As part of an update to the plan, and after public input, the Heritage Farm Advisory Committee developed several recommendations. The most tangible would re-direct the interpretive trail around the site, rather than through it, to prevent it from interrupting farm work and other uses.

The recommendations also seek to reduce the county’s contributions to the farm, which totaled $564,575 in 2018. When the plan is finalized, it may call for relocating certain uses, creating public-private partnerships and offering flex space for lease.

The county parks department has also proposed moving some offices there, County Councilor Gary Medvigy said.

“There are so many good uses out there that could amplify the benefit to the public and, perhaps at the same time, be more sustainable financially,” Medvigy said at the work session before asking a rhetorical question. “How does that get put into place?”

‘Vulnerable piece of land’

During the work session, the council discussed several revenue-generating options, including a regular farmers market, better public access and farm-to-table events. Quiring also broached the possibility of opening part of the property to businesses.

“I’m throwing that out there, because I think we should brainstorm about it, ” Quiring said. “We could require or ask them to have it blend … in the context of the farm and a heritage farm and a historical farm and just have it enhance it.”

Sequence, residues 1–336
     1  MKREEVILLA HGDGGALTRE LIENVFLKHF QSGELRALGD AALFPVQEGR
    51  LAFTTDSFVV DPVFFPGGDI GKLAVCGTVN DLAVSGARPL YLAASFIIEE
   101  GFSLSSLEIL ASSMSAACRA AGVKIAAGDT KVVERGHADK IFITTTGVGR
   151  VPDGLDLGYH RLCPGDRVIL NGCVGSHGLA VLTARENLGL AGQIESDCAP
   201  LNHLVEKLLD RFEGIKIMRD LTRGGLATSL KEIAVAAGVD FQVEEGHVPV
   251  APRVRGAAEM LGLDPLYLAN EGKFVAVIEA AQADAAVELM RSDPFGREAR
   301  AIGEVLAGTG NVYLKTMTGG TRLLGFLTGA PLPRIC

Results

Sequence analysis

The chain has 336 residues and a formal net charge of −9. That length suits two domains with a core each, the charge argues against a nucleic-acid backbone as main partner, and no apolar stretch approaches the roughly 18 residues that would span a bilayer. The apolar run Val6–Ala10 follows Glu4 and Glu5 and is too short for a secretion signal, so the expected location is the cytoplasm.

Kenoski said she opposes any updates that aren’t related to the farm or its history.

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“That’s not the purpose of the farm,” Kenoski said. “I don’t want any of it to be leased off to businesses.”

The suggestions remain loose, but they’ve also sparked letters to the editor, emails to councilors and suspicions about the county’s intentions. The process was delayed over the summer, which is attributable to a staff turnover — including a new parks manager — and a lack of resources at the time, said Magan Reed, spokeswoman for Clark County Public Works.

Still, the delay caused further suspicion, Kenoski said. “That concerned me because of what happened in the past.”

At the moment, the county doesn’t appear to have an appetite to sell portions of the property or dramatically change it.

“People are reacting to that because they feel it’s a very vulnerable piece of land and part of our agricultural history,” said Sandy Brown, chair of the Heritage Farm Advisory Committee. “I think it’s refreshing to see people rally around something like that.”

At the work session, the council asked county staff to formulate specific options for management and income at the farm. The firmer suggestions will be presented to the council and the public, Reed said.

“If we say that we’re a county that values agriculture, let’s find ways to really push that forward and extend it, and I see this property as a great way for us to continue what’s being done there and also, possibly, grow it,” Councilor Temple Lentz said at the work session.

When a plan is adopted, applications for grants at the farm — totaling $786,855 in 2018 — will have a higher chance of being successful. Depending on what kinds of assurances the plan offers to preserve the site, it also could put some concerns to rest.

“I can’t be optimistic until it gets approved,” Kenoski said. “If we don’t protect it now, there will be continual pressure to ease pressure on the general fund.”

Columbian county government and small cities reporter